Joe J. Garcia, Cynthia Marty, Monica Louwerens, Christopher Guilmet
The Stars - Opening
Take the Comforting Hand
Calvary Baptist Church Choir
Hamilton, a small rural farming community in central Texas
1909 - 1942
A NOTE FROM THE BOOKWRITER
This is the story of my grandparents, young Russian Jews fleeing the pogroms of eastern Europe, in 1909.
Matleh & Haskell Harelik in 1919. Matleh's name has been changed to Lean in The Immigrant, which is based on their experiences.
Having come to America's southern shores on the wave of the Galveston Plan, my grandparents Harelik (originally pronounced Gorehlik) settled in a small town in central Texas where full religious observance was difficult. Through the years, they raised three sons and entered the American community. All outward signs of the shtetl life they left behind were gone.
For the family, however, the experiences of my grandparents'
past lives were daily stories that were passed around the dinner table.
And for me, the hero of this quotidian legend was my grandfather
Haskell. I could almost picture him -- the young Jew forced to carry
his life in his pocket -his religion, his aspirations, his search for
safety and stability, and (strangely the most vivid image of all) me. I
could picture myself in his pocket. He was bringing my life to this
place -- this great open space, this unimaginable future that I live in
"Your store -- Look, see that sign up there? Haskell Harelik
-- it's your name." "My name? My name...?" He had forgotten his name.
He had forgotten his journey, his life, his story. Lost. Now I reach
into my own pocket, and there he is -- my great American hero, who
traveled so far to live a simple life, raise a family, plant the seeds
of my future. We bear these seeds from the faded pockets of our fathers
and mothers. We are them, in an unseeable, ungraspable way. And by our
single, potent glance back, their invisible lives are made worthy and
meaningful and immortal. And in the end, when even memory is gone, that
which remains lives only in the telling. I must tell you this story,
for it's all that remains of a good man's life, and all that's immortal
A NOTE FROM THE
I am sitting in the rehearsal room of The Colony Theatre
listening to my talented cast rehearse their songs for The Immigrant.
On a break our conversation turns to our own families. Musical
director, Dean Mora, talks about his Mexican great-great uncle who was
the Archbishop of Los Angeles in 1890. Chris Guilmet, who plays the
title character, shares that his family is from France, through Quebec,
to Maine! Joe Garcia’s family is also from Mexico, Cindy Marty’s are
from Switzerland and Germany, Monica Louwerens’ are from The
Netherlands. Lyricist Sarah Knapp’s Scottish-English ancestors weren't
quite on the Mayflower, but they were on one of the next ones over! Our
wonderful stage manager Leesa Freed’s ‘people’, like mine, playwright
Mark Harelik’s, and composer Steven Alper’s are mostly Russian Jews.
Give me your tired, your poor,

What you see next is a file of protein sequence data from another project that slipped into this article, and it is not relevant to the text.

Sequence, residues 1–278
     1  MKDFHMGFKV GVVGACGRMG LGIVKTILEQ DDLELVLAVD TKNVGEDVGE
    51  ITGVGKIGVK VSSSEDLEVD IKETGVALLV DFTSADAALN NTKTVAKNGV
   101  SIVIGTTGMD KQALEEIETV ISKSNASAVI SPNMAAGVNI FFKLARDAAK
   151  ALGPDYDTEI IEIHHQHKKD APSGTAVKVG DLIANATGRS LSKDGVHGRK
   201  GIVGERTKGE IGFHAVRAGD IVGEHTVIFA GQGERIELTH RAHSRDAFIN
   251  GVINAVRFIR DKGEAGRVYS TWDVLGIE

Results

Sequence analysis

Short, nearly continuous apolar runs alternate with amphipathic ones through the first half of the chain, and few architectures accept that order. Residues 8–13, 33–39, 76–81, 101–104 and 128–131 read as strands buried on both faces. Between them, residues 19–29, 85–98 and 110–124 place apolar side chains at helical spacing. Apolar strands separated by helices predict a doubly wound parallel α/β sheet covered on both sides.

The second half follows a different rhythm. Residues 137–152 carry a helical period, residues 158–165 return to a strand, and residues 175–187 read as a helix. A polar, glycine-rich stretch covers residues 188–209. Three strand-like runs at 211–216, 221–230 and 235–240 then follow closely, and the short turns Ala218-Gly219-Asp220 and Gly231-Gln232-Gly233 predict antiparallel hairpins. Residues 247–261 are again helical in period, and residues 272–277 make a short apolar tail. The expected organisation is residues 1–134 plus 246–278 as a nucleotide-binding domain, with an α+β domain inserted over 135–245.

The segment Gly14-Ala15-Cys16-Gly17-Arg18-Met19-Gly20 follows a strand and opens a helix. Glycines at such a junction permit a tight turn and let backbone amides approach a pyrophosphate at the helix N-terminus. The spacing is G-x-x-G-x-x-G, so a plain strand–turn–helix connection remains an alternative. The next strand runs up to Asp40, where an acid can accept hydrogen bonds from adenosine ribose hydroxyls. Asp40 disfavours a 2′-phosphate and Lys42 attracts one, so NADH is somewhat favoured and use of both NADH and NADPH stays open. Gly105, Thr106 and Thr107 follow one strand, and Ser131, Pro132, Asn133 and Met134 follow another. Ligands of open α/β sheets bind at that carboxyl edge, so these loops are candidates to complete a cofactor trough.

Your huddled masses yearning to breathe free,
The wretched refuse of your teeming shore.
Send these, the homeless, tempest-tost to me;
I lift my lamp beside the golden door.
Emma Lazarus’ poem, The New Colossus, is held snugly in the arms of The Mother of Exiles, or Lady Liberty as we call her now. But how many of us really think about the words that she carries or the feelings she inspired in some of our families when they spotted her for the first time on their way to Ellis Island?
Hope Alexander's father, Leon (left), and his brother, Simon, in the early 1900s before they immigrated to this country
“The wretched refuse of your teeming shore, send these, the homeless
tempest-tost to me...” What must The Mother of Exiles think of our
‘golden door’ now?
Why Did Russian Jews Immigrate to Texas?
“How many years have the Jews been wandering? Who says we can’t wander to Texas and rest for a while?” -- Haskell in The Immigrant By the end of the 19th century, life was becoming unendurable for Jews in Russia. Their rights were being trampled, and the future showed no signs of life improving. To preserve their way of life, if not their very existence, many Russian Jews fled their country and found their way to Ellis Island. Eventually, massive crowd-ing of urban areas led to disease, hunger, and crime in the northeastern U.S. cities. Wealthy Jews in the north-east feared a potential wave of anti-Semitism, which could have lead to immigration restrictions. Jacob Schiff, a philanthropist and financier, worked with the Jewish Immigrants’ Information Bureau (JIIB) to route incoming Russian Jews to a port in the south, where the burgeoning popula-tion could then be dispersed to other parts of the country. Galveston, Texas, was selected as the port because its small size was likely to discourage immigrants from settling there. Galveston was also a passenger port for Lloyds Shipping Company, which served the German port of Bremen, the location that most Russian Jews used to flee the country. The Galveston Movement began when the first immigrants arrived in July 1907. Ultimately, 10,000 immigrants made their way into the United States through Galveston. The Immigrant is the true story of one of those families who came to this country in pursuit of a better life. Galveston, Texas
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